ALL POSTS TAGGED: SAINT



Sometimes our choices change our lives. In 1805, Elizabeth Seton chose to become a Catholic. This choice changed her life and ours.

Elizabeth had been born to rich parents in New York City in 1774. Her parents taught her to care about others. When Elizabeth grew up, she fell in love with William Seton. They married in 1794.


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The new Bishop of Philadelphia had just about had it with the unfair treatment of Catholic students in the public school system of his city. We can hardly imagine such an occurrence today, but in the middle 1800s, school boards, administrators and teachers were mostly Protestant and forced their beliefs on all the students. Catholic children were pressured (often with whippings) to read the Protestant Bible and participate in Protestant worship services in their schools.


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Born in 1870 in a small town in Spain, Genoveva had a difficult childhood. By the time she was eight, her parents and four of her brothers and sisters had died. When she was 13, doctors had to amputate her leg because of an infection.


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André Bessette was born in Quebec, Canada, in 1845. By the time he was 12 he was an orphan who had to take care of himself. He traveled to the United States and worked for a time in a textile mill in New England. But he soon returned home to Canada with a dream of entering religious life.


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Raymond was born near Barcelona, Spain, in 1175. He was such a gifted student that he was already teaching philosophy at the university by the time he was 20. He went on to earn degrees in both Church and civil law. After hearing the homilies of a Dominican preacher, he decided to join the Dominican order and made his vows in 1222.


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Hardship and danger can deter some people. But for St. Marguerite Bourgeoys, hardship and danger gave rise to an active and purposeful life.


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TAGS: Abbot, Egypt, Saint

The Church calls Anthony the father of monks. Before his time, many men and women went out into the desert to pray and do penance. These hermits lived alone, far apart from other people. Soon Anthony of Egypt formed a community—or monastery—of hermits. The monks spent most of their time alone, but they met each day to worship and to eat together.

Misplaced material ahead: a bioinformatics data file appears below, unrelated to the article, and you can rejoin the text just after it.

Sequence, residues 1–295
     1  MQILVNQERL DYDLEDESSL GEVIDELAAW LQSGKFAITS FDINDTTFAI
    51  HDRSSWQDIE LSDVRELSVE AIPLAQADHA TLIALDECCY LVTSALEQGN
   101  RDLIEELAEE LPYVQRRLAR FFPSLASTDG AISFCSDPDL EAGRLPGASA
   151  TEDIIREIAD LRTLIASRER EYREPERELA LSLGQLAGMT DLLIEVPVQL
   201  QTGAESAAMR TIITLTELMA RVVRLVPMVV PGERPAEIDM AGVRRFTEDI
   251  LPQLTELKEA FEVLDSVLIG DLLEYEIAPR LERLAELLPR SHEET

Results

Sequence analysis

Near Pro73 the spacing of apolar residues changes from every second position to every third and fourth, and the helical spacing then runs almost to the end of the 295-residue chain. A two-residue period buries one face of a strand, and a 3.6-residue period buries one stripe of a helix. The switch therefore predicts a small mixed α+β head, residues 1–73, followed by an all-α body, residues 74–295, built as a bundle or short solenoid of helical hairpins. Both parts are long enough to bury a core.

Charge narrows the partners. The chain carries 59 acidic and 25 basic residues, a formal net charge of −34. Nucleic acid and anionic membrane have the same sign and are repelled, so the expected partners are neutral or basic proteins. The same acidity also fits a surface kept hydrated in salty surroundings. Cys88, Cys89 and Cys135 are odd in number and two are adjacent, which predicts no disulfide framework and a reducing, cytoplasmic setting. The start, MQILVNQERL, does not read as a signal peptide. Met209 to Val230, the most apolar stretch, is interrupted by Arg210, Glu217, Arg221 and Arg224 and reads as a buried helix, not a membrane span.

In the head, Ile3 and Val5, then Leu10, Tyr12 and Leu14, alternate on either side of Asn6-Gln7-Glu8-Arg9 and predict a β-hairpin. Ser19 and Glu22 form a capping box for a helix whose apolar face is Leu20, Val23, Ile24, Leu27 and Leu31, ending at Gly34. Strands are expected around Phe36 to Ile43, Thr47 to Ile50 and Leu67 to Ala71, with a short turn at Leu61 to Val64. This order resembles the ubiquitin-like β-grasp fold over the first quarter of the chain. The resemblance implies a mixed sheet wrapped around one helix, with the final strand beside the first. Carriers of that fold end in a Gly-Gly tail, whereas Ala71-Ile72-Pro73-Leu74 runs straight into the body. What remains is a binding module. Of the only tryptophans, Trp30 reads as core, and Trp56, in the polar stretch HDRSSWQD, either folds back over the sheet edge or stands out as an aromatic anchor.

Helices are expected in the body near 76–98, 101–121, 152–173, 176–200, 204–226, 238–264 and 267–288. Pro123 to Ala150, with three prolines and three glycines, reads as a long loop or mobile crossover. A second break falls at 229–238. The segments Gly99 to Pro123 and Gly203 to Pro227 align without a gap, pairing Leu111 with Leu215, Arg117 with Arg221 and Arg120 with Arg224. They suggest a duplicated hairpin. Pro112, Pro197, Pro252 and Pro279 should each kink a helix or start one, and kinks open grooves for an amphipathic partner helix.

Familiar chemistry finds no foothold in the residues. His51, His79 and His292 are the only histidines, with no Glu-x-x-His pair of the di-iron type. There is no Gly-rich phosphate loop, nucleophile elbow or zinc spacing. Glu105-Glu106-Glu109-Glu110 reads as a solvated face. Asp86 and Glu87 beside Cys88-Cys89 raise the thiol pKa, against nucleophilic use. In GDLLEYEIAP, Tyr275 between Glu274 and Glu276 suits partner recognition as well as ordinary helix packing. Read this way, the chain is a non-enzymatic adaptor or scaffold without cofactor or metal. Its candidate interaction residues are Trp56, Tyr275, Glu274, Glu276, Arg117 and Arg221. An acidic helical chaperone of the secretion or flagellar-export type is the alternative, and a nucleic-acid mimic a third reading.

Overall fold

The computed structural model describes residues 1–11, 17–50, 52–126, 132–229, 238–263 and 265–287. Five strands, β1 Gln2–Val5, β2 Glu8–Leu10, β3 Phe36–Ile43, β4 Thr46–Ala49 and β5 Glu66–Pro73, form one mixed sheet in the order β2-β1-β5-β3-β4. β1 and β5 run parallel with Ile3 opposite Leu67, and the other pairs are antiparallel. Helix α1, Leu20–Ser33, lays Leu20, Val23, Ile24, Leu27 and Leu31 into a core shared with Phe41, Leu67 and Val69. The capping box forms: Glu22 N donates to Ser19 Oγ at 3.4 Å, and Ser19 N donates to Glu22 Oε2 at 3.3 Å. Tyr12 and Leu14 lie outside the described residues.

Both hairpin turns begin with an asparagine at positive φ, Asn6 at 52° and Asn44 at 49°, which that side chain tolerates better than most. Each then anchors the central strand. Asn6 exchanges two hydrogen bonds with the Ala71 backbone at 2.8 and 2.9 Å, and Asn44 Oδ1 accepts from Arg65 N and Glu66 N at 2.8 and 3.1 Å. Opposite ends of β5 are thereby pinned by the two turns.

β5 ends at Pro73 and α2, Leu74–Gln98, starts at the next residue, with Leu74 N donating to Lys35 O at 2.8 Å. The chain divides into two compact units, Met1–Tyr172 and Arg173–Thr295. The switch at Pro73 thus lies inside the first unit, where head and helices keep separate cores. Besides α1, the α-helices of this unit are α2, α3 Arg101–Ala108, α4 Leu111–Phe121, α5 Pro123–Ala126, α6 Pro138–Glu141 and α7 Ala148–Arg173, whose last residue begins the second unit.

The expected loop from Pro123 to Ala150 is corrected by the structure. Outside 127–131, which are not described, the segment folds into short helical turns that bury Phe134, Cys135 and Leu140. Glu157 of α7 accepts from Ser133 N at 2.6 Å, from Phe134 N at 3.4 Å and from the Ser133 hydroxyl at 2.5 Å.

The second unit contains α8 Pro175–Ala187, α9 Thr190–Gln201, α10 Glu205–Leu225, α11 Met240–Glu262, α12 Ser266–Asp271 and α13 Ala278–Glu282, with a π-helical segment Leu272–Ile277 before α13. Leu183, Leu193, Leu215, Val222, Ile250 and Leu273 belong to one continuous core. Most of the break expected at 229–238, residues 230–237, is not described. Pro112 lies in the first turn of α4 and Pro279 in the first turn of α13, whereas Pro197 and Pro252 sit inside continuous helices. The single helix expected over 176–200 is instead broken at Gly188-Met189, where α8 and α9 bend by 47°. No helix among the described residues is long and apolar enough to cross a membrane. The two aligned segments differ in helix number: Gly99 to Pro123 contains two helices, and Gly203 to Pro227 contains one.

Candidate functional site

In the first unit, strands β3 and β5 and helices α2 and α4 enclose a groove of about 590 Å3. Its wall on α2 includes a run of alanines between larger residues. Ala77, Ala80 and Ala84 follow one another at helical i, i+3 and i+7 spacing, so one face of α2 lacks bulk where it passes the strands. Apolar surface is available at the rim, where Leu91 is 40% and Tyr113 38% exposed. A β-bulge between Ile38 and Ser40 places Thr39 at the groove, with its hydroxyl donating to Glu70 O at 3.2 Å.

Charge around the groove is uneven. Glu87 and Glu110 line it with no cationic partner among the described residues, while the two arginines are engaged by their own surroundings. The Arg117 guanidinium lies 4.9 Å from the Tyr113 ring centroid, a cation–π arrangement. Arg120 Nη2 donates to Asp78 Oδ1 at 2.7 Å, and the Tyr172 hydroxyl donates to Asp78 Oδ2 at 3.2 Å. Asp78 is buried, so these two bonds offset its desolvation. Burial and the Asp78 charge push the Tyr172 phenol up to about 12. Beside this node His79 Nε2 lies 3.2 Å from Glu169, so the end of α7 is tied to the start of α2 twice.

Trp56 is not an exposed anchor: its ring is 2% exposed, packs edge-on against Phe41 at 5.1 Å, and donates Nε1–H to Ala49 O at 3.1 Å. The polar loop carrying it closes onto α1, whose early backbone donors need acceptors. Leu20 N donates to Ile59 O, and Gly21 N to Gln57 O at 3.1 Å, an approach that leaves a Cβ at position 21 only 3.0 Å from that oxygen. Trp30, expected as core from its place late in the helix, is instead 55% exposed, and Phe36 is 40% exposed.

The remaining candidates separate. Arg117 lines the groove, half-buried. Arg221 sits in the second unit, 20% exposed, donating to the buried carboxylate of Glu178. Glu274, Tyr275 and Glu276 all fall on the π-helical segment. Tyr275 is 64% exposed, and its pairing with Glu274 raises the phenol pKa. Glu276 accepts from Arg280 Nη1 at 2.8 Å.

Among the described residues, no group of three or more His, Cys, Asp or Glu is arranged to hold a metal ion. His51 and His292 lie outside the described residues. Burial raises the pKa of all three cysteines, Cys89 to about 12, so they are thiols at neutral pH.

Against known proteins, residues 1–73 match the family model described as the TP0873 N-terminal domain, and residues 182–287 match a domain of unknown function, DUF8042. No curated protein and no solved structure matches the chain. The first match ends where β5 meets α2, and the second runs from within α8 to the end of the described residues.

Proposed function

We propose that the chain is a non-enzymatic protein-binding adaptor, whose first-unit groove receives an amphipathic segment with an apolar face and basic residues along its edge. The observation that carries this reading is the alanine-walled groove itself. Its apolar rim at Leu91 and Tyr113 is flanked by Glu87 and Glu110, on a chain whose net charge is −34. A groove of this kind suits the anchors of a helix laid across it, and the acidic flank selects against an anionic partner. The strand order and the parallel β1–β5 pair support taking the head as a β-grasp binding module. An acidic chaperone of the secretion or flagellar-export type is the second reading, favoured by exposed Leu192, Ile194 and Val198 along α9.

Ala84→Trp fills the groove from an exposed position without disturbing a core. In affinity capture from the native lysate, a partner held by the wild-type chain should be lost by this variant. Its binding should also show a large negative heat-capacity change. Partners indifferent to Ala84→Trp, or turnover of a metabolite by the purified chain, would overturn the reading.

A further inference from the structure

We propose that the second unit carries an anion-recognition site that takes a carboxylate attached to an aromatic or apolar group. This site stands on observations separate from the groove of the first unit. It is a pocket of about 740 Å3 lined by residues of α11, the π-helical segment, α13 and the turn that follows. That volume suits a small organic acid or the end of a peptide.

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We know little about martyrs like Cecilia, Nicholas, and Agnes of the early Church. All we know for sure about Agnes is that she died for her faith at the age of 12 or 13. We are told that Agnes was a Roman Christian. She wanted to remain a virgin; she did not want to marry or give her body to another person. This young girl wanted to give her purity back to God. In fact, the name “Agnes” means "pure."


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Do you remember the parable of the Good Samaritan in Luke 10:29-37? Mother Marianne of Molokai brought Jesus’ story to life in her ministry to the lepers of Hawaii.

Marianne Cope was born Barbara Koob in Germany in 1838. When she was two years old, her family emigrated to the United States, to upstate New York, to find a better life. After 8th-grade graduation, she worked in a factory to earn money to help her family. Her dream of becoming a nun had to be delayed until her younger brothers and sisters could support themselves. She joined the Sisters of St. Francis in Syracuse when she was 24.


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There is a popular saying you may have heard: “You catch more flies with honey than with vinegar.” This means that if you want people to agree with you or help you, being nice to them is better than being mean or unfriendly. The person who first said that lived more than 400 years ago, and he was a very persuasive speaker — and a saint.


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